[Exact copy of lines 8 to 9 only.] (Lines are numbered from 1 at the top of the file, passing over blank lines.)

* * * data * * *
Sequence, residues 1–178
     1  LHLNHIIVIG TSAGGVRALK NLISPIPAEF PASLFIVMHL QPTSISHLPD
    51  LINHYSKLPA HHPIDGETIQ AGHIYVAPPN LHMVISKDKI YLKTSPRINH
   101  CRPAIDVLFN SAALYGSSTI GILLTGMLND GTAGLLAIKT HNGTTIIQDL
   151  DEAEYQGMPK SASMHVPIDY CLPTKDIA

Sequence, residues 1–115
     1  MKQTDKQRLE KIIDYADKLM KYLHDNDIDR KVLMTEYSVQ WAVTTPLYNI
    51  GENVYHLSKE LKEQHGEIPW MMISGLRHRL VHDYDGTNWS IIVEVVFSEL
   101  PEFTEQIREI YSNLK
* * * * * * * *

    51  GENVYHLSKE LKEQHGEIPW MMISGLRHRL VHDYDGTNWS IIVEVVFSEL
   101  PEFTEQIREI YSNLK